Ability to hunt
Humans have no claws, out teeth would not render flesh, our mouths are not large enough to catch or wound an animal, nor do we have the speed and reflexes required to ambush and overpower an animal. Humans also lack the basic carnivore instincts: carnivores hunt and tear apart their prey while still alive, and enjoy the smell of blood and raw flesh. On the other hand, humans are sickened by the sight of blood and eat our meat cooked.
Ability to digest meat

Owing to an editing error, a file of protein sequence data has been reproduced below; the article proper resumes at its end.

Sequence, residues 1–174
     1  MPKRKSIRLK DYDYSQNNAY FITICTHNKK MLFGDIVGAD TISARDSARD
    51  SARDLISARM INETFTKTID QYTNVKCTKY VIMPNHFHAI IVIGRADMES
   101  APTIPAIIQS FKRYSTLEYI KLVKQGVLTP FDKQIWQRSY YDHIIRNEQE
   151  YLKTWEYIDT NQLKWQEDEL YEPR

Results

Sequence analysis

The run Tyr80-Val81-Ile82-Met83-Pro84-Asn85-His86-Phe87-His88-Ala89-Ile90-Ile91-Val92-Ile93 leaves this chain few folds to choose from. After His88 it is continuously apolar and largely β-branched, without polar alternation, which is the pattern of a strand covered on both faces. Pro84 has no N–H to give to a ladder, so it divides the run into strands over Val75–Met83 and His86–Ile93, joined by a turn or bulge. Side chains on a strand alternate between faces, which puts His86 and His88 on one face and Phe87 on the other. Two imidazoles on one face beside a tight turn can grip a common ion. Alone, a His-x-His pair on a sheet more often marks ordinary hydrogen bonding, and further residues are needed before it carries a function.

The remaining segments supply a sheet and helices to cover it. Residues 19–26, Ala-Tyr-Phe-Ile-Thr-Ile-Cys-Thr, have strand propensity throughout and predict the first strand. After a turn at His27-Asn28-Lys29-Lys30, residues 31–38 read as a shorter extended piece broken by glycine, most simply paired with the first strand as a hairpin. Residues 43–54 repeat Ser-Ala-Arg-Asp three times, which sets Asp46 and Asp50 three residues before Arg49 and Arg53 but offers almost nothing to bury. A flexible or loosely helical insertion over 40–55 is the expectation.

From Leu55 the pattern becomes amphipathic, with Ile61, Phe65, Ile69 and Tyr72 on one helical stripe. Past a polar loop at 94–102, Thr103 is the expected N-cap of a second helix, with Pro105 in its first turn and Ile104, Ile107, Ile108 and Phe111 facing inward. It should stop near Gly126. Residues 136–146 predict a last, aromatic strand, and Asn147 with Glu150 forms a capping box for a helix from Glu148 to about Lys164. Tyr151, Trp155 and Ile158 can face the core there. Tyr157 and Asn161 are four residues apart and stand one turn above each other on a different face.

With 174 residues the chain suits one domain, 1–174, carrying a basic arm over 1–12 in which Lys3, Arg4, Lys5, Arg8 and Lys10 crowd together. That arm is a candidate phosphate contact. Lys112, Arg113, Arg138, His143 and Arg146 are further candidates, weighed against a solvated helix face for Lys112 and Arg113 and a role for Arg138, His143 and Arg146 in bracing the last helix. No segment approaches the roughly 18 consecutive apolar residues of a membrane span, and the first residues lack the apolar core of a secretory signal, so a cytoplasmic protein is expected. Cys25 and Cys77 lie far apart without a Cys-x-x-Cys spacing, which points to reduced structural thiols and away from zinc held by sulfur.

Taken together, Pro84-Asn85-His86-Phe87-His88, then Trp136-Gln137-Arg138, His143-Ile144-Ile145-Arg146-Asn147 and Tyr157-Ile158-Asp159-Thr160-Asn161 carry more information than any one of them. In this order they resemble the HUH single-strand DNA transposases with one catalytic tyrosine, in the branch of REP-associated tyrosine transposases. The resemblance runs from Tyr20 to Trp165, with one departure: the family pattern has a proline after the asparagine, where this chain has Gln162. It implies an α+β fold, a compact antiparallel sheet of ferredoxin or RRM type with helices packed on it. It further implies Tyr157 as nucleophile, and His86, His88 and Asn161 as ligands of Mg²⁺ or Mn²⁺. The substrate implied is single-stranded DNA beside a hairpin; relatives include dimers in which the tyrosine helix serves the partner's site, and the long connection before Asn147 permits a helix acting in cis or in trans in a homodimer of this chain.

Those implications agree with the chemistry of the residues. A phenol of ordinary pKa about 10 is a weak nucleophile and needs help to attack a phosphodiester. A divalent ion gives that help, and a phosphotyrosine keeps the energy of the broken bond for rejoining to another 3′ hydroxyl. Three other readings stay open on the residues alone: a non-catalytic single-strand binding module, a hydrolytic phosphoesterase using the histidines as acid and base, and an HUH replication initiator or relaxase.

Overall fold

When people consume meat, the meat remains in their intestines for significantly longer (24-36 hours, as compared to a few hours for carnivores) due to the larger length and structure of the human intestine. We also do not have the required acidic levels in our saliva and stomachs, essential to break down and digest meat. This results in meat putrefying (meat typically putrefies within 4 hours of consumption) and rotting within our bodies, producing a range of toxins and amines that accumulate in our livers, kidneys and large intestines. These toxins poison our bloodstream, leading to a number of diseases including diabetes, cancers and kidney diseases.